Campiti’s notice of appeal, filed on July 23, 2002, was therefore untimely unless rescued by some other doctrine or device. An appeal is normally taken by filing in the district court, within the time allowed by Rule 4, a notice of appeal providing specified information (primarily, parties, judgment appealed from, and court to which the appeal is taken). Fed.R.App. P. 3(a)(1), (c)(1). However, this requirement may be satisfied by the filing of the “functional equivalent,” so long as it gives the pertinent information and evinces an intention to appeal. E.g., Smith v. Barry, 502 U.S. 244, 248-49, 112 S.Ct. 678, 116 L.Ed.2d 678 (1992).
Here, Campiti relies on both his March 11, 2002, request for an extension of time and his April 19, 2002, request for appointment of counsel. Whether a particular type of document is the functional equivalent of a notice of appeal may depend on its content and surrounding circumstances rather than on any general rule. Here, we bypass the question whether the request for an extension satisfies the doctrine, an issue on which the circuits have taken different views,3 because we are satisfied that this request for counsel does meet the requirements. Under the case caption, the request read:
I am the petitioner in the above captioned habeas corpus proceeding. My counsel, Vincent Bongiorni, Esq., has been allowed to withdraw by the court.
I am indigent and hereby request that the court appoint counsel to represent me for the purposes of filing a notice of appeal and a request for a certificate of appealability. A financial affidavit is attached for the court’s consideration.
This document plainly evidences an intention to appeal. It asks for counsel to be appointed “for the purposes of filing a notice of appeal” and for requesting a certificate of appealability. See Ray v. Cowley, 975 F.2d 1478, 1478-79 (10th Cir.1992); United States v. Ward, 696 F.2d 1315, 1318 (11th Cir.1983). Admittedly, the document does not specify the judgment appealed from or the appellate court; but here, where no doubt exists as to either, Rule 3 buttressed by latitude for a pro se litigant forgives these “informalit[ies] of form.” Fed. R.App. P. 3(c)(4). See also Torres v. Oakland Scavenger Co., 487 U.S. 312, 316-17, 108 S.Ct. 2405, 101 L.Ed.2d 285 (1988); Grune v. Coughlin, 913 F.2d 41, 43 (2d Cir.1990).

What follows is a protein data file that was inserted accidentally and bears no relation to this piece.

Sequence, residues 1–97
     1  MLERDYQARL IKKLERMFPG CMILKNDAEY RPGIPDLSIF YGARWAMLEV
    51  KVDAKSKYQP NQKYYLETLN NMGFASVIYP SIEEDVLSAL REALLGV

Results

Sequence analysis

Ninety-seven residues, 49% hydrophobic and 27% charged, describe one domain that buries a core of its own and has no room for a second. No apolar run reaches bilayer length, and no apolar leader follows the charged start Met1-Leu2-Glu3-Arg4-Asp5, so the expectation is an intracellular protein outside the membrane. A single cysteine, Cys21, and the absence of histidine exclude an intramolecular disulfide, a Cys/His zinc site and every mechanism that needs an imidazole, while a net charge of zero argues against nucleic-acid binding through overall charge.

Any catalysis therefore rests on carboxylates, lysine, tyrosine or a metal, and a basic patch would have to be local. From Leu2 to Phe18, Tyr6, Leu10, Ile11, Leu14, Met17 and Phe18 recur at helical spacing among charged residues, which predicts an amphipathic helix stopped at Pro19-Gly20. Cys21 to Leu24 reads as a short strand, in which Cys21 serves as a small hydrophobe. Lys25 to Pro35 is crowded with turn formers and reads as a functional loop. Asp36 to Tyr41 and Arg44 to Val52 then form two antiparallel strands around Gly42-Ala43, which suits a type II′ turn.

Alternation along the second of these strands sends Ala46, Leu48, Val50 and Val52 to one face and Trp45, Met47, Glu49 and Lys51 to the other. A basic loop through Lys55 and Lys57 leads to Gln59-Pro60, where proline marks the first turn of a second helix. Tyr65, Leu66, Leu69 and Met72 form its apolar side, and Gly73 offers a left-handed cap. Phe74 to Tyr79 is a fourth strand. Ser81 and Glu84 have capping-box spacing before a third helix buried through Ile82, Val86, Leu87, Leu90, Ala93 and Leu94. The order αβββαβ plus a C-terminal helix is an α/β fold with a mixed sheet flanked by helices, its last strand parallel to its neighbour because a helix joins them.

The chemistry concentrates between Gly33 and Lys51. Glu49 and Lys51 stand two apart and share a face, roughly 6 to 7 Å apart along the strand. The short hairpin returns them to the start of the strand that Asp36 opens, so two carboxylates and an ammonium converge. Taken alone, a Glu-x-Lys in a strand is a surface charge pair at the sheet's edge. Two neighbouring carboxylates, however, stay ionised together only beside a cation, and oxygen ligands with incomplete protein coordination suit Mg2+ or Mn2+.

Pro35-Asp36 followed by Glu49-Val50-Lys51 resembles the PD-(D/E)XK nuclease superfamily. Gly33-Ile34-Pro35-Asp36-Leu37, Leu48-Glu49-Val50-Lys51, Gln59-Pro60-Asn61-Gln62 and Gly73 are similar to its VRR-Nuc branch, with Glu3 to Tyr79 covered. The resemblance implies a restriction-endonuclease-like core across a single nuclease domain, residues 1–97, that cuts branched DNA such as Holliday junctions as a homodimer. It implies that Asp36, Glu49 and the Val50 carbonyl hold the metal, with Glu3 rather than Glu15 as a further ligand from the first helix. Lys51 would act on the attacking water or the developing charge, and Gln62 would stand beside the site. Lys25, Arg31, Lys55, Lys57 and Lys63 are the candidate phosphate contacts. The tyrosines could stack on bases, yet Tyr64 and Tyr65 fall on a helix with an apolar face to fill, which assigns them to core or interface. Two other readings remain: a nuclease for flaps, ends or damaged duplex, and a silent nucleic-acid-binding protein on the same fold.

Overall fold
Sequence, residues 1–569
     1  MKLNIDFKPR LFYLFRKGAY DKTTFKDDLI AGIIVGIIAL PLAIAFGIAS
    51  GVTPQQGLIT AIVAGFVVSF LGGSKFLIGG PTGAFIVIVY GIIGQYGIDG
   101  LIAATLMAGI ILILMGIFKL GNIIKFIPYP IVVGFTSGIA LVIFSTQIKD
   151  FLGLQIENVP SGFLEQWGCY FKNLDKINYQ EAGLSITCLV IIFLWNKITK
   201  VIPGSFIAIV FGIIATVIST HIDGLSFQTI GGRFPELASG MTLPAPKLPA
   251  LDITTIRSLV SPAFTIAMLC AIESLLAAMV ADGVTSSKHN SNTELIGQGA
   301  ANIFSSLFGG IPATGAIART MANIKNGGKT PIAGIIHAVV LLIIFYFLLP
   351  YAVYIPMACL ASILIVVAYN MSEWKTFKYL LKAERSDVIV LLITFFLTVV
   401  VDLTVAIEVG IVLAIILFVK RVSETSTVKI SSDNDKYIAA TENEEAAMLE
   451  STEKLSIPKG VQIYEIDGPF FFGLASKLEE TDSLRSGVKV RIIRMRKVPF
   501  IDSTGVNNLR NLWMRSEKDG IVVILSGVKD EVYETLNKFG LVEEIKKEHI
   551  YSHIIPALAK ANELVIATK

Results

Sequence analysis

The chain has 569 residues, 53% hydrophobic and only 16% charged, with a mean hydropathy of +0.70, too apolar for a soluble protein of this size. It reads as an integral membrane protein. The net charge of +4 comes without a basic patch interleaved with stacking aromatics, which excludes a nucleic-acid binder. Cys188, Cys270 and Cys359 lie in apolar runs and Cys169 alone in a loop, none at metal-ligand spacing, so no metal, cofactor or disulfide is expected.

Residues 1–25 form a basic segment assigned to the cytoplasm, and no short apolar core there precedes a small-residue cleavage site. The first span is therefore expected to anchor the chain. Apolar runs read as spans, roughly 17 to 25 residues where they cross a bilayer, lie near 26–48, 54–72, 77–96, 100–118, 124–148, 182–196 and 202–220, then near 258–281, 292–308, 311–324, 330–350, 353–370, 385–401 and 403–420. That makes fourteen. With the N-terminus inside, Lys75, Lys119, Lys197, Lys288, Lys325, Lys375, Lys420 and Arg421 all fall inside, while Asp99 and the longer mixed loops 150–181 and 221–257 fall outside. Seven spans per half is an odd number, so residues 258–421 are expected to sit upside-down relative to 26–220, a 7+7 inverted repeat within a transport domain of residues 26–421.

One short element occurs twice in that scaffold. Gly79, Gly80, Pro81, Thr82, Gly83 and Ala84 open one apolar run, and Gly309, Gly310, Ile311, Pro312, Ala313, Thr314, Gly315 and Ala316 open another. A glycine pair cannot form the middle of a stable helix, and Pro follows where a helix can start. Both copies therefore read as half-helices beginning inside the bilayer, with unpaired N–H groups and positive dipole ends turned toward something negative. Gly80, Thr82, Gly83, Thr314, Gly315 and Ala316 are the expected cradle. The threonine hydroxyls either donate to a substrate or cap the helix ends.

This brings us to the merits. Brady relief requires a double showing, namely, that the prosecution wrongly withheld evidence that it should have disclosed and that this caused prejudice to the defendant. Strickler v. Greene, 527 U.S. 263, 281-82, 119 S.Ct. 1936, 144 L.Ed.2d 286 (1999). Whether the prosecutor can be deemed to have wrongly withheld information he does not possess where the information is about unrelated crimes committed by his own policeman-witness, is an unusual question with major ramifications. Cf. Kyles v. Whitley, 514 U.S. 419, 438, 115 S.Ct. 1555, 131 L.Ed.2d 490 (1995). Ordinarily, we would bypass it in a case where ? as here ? the non-disclosure plainly did not affect the result.
The state, which for future guidance wants a negative answer to the question whether disclosure was required at all, argues that we must decide whether such a rule exists and applies to the case before reaching the prejudice question. The reasons for the state’s concern about future disclosure are obvious; but the state may be wrong in thinking that a bright-line answer can be provided for all cases in which the prosecutor is ignorant but others connected with his side possess exculpatory information. In all events, the state’s claim that we must decide the “wrongful withholding” issue first is ingenious but flatly wrong.
The state bases this priority claim on two Supreme Court cases. One, Teague v. Lane, 489 U.S. 288, 307, 109 S.Ct. 1060, 103 L.Ed.2d 334 (1989), bars habeas relief except in narrow circumstances if the defendant relies on a new rule of constitutional law established after his conviction. See also 28 U.S.C. ? 2254(d)(1); Horn v. Banks, 536 U.S. 266, 122 S.Ct. 2147, 2151, 153 L.Ed.2d 301 (2002) (per curiam). The other, Caspari v. Bohlen, 510 U.S. 383, 389-90, 114 S.Ct. 948, 127 L.Ed.2d 236 (1994), reversed a grant of habeas relief where the circuit court failed to consider the state’s argument that the claim rested on a new constitutional rule and therefore that Teague foreclosed a grant of relief. See also Horn, 122 S.Ct. at 2150-51.